Jokes about “Last Vegas” practically write themselves: it’s “The Hangover” for old people. It’s a quick paycheck for aging icons. It will no doubt feature, among other things, jokes about viagra. This kind of gentle mocking was probably always a given — the expectations are built into the concept, and the insults were bound to follow no matter how capable the execution. Social media, of course, only amplifies the response, making it easy to quickly survey the tech-savvy world of tweeting pundits to get a sense of their perception going in. Much has been made, in recent years, of the heightened effects of word-of-mouth in the social media era, when opinions are disseminated among networks so rapidly that a disliked film’s box office is almost instantly and irrevocably affected. In this climate of fickle tweeters and unpredictable popular taste, what’s a Hollywood studio with a widely mocked movie to do?
Well, if you’re CBS Films, the studio handling “Last Vegas”, you take to Twitter to shift public perceptions one person at a time. You may have even noticed yourself: if you happened to mock or demean or even so much as passingly mention “Last Vegas” anytime over the last several weeks, you may have found yourself called out and summarily corrected by somebody at CBS. Their official, verified account has been a constant source of amusement for those keeping track of this strange endeavor, which exhaustively seeks out anybody who, say, compares “Last Vegas” to “The Hangover” to inform that, why, “Last Vegas” couldn’t be further from that film.
This raises several interesting questions. First of all, who exactly is running the CBS Films account — a dedicated intern, a lowly employee instructed to make this their top priority, or maybe Robert De Niro himself? But more importantly I wonder what the purpose could possibly be. Public perception is a huge, amorphous thing, affected by an incalculable arrangement of variables. Going around and trying desperately to change the opinion of individuals could only have the most negligible effect — it would be like staging a presidential campaign by going door to door across America. This account may in fact convince one or two skeptics to see “Last Vegas” when they’d otherwise written it off, but even then it seems more likely that it will only convince people that the CBS Films twitter account is funny. You want original comedy? You got it, and in 140 characters or less.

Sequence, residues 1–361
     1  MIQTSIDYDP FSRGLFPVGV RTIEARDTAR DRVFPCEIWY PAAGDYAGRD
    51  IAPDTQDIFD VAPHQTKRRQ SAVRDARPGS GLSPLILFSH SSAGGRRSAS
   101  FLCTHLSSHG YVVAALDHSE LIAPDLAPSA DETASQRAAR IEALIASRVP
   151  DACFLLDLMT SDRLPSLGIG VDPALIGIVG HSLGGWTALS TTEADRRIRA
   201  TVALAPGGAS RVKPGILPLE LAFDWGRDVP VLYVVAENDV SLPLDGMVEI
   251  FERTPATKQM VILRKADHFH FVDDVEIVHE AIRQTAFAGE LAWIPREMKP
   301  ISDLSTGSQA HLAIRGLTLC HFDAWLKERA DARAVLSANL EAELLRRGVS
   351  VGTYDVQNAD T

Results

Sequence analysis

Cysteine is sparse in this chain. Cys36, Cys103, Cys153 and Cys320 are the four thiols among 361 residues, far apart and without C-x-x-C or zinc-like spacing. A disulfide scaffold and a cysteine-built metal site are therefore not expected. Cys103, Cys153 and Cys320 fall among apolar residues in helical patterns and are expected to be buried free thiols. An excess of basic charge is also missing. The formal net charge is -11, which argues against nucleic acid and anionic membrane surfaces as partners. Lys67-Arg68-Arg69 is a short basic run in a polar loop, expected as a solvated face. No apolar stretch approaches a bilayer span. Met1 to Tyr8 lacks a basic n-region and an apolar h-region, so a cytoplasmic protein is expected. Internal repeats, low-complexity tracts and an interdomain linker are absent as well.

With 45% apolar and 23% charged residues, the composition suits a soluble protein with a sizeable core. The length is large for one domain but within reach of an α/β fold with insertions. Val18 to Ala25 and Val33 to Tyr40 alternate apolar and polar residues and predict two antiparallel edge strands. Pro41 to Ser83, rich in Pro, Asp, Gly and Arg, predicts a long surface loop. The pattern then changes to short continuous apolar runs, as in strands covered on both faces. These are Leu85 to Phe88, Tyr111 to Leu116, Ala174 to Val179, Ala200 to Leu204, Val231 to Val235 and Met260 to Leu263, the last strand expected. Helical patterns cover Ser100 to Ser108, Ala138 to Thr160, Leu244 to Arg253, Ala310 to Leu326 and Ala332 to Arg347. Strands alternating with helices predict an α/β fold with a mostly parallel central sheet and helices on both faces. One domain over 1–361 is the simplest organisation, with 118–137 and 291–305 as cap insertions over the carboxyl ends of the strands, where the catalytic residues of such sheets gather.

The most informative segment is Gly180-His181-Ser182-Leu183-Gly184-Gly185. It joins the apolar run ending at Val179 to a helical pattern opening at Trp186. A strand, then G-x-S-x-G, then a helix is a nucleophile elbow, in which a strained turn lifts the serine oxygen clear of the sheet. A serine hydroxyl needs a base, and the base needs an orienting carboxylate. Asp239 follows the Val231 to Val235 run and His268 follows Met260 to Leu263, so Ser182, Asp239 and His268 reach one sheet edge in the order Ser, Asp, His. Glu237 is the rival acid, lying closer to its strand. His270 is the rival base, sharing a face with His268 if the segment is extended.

The merits of “Last Vegas” aside — it screened for critics almost two weeks ago but remains under embargo — it’s at least worth sharing in the humor of this account. With that in mind we’ve compiled some of our favorite CBS Films responses and retorts below.
Billy Eichner thought he had a pretty good zinger worked out, but CBS Films handily one-ups the joke with a fake admission. Proof positive that these guys have a good sense of humor about their own film.
CBS once again takes on the haters by deferring to the basics: the film’s original vision and Oscar-calibre cast and crew. Because Jon Turteltaub, director of “National Treasure”, would never make a hackneyed movie. One thing that elevates this account above its jokey corporate contemporaries is that most branded accounts steer clear of ‘sensitive’ topics, like, say, dead sex workers. This strikes me as a pretty good way of adding a punchline without getting controversial.
Likewise with this one: this most succinct response to Alice Roth’s joke possible.It’s hard to image a tweet like this actually convincing the guy above to see “Last Vegas”, but on the other hand this is way better than just straight-up telling someone that they’re wrong. Note that the original tweeter was tickled enough by CBS' response that he re-tweeted them.They are equally capable of lightly insulting prospective audience members...
...and basically telling them they’re dumb.
And they were even nice enough to shout-out our editor with a tip of the hat to CSI.
"Last Vegas" opens in theaters on November 1st.